I particularly liked the (surely intentional) nods to the much-misse…

The Creativity Code - Marcus du Sautoy *****

At first glance this might just be another 'What AI is good at and not so good at' title. And in a way, it is. But, wow, what a brilliant book! Marcus du Sautoy takes us on a tour of what artificial intelligence has achieved (and possibly can in the future achieve) in a range of fields from his own of mathematics, through game playing, music, art and more.

After a little discussion of what creativity is, we start off with the now very familiar story of DeepMind's AlphaGo and its astonishing ability to take on the hugely challenging game of Go. Even though I've read about this many times before, du Sautoy, as a Go player and mathematician, gives a real feel for why this was such a triumph - and so shocking. Not surprisingly he is also wonderful on what mathematicians actually do, how computers have helped them to date and how they have the potential to do far more in the future. After all, mathematics is by far the closest science to game playing, as it has strict rule…

The Demon in the Machine - Paul Davies *****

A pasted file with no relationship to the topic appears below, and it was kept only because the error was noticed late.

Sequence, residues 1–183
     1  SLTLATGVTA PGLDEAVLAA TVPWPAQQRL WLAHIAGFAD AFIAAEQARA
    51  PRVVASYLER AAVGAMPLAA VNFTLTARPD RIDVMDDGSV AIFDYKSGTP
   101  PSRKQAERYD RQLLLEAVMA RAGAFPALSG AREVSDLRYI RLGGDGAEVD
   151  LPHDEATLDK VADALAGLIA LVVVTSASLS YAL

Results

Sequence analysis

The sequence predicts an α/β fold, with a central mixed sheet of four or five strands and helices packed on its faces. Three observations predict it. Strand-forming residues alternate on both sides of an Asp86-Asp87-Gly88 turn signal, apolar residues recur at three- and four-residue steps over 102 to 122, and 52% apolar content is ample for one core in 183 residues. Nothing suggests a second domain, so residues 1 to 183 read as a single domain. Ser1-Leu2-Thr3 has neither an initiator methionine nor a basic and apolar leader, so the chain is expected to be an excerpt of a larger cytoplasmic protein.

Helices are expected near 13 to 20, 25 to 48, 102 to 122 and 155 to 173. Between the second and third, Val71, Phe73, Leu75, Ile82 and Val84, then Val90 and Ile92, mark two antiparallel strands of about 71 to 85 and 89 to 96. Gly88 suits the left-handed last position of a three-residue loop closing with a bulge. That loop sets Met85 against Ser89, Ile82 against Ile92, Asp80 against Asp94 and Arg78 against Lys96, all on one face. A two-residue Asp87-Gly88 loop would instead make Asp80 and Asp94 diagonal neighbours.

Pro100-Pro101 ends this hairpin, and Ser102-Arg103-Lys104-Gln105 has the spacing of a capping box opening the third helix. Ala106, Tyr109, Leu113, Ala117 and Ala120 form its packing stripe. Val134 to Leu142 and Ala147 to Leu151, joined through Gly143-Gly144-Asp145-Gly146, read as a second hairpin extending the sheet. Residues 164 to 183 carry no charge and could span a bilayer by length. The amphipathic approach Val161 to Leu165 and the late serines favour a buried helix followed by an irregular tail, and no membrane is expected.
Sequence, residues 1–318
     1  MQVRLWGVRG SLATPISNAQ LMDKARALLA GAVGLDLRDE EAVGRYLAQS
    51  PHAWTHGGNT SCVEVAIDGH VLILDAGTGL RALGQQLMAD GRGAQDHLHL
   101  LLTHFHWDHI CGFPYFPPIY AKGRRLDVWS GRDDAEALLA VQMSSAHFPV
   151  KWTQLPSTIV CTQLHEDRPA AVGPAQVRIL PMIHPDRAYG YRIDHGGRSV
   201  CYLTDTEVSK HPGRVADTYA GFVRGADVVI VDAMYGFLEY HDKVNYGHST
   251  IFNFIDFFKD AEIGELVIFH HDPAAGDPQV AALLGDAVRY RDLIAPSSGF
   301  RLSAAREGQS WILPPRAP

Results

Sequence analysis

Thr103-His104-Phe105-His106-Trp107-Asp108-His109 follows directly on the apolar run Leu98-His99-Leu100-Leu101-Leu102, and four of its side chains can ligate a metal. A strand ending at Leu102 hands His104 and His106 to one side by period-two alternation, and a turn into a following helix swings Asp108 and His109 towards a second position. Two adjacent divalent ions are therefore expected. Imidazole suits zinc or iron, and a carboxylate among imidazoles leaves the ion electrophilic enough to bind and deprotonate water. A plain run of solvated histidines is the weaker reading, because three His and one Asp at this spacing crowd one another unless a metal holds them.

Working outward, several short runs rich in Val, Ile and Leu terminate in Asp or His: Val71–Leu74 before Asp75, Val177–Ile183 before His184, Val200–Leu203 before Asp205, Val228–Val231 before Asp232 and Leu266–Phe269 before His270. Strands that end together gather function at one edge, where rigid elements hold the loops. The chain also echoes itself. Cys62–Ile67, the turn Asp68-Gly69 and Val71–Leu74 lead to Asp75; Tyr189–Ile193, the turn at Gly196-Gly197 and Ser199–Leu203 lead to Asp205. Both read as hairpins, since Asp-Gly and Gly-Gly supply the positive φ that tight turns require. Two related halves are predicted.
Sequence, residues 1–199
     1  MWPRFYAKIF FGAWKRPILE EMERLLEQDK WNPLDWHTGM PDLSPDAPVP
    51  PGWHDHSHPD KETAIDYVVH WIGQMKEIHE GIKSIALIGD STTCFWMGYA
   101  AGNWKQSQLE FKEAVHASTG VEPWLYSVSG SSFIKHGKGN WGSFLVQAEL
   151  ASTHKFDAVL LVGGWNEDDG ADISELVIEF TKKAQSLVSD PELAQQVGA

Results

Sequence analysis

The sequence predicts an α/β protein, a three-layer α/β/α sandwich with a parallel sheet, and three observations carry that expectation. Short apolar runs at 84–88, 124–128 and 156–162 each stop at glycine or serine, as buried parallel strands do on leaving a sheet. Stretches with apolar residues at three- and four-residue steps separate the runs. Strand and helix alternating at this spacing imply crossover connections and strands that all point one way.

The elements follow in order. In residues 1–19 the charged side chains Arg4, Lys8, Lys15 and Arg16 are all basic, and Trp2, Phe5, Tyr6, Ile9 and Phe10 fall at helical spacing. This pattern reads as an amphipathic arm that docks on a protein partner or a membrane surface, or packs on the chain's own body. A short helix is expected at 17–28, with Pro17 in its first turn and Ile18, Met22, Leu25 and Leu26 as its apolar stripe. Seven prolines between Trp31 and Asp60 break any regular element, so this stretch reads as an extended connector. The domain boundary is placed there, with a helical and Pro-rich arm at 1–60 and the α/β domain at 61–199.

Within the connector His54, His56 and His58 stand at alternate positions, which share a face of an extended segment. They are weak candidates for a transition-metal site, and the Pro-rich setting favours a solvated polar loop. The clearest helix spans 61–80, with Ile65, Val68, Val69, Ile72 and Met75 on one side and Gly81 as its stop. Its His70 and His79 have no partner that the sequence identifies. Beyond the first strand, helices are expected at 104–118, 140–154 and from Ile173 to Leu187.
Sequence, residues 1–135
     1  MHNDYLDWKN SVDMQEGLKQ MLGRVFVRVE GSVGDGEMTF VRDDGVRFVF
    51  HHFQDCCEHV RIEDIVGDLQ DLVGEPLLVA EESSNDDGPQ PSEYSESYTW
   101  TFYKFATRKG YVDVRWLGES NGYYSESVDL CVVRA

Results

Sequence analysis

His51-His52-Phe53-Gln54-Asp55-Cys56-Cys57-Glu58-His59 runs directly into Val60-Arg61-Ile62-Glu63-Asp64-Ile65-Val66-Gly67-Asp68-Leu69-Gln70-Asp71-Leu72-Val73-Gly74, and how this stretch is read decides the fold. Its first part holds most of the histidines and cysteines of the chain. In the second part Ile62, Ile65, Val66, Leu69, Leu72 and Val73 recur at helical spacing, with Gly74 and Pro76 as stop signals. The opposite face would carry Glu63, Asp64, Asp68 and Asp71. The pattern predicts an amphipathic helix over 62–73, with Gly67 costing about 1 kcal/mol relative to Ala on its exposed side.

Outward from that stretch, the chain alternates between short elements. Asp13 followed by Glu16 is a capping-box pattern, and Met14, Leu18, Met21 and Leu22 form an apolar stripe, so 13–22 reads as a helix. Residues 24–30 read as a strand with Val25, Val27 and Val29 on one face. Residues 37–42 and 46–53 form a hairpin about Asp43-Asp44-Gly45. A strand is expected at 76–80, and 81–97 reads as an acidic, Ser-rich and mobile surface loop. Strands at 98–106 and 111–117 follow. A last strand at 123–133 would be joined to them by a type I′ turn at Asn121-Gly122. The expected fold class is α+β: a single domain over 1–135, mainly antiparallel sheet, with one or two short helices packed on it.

Physicists have a habit of dabbling in biology and, perhaps surprisingly, biologists tend to be quite tolerant of it. (I find it hard to believe the reverse would be true if biologists tried to do physics.) Perhaps one reason for that tolerance is Schrödinger’s lecture series and book What is Life?, which had a huge impact on molecular biology and with a reference to which, not surprisingly, Paul Davies begins his fascinating book. 

At the heart of the The Demon in the Machine (we'll come back to that demon in a moment) is the relationship between life and information. In essence, Davies points out that if we try to reduce life to its simple physical components it is like trying to work with a computer that has no software. The equivalent of software here is information, not just in the best publicised aspect of the information stored in the DNA, but on a far broader scale, operating in networks across the organism.
This information and its processing gives life its emergent compl…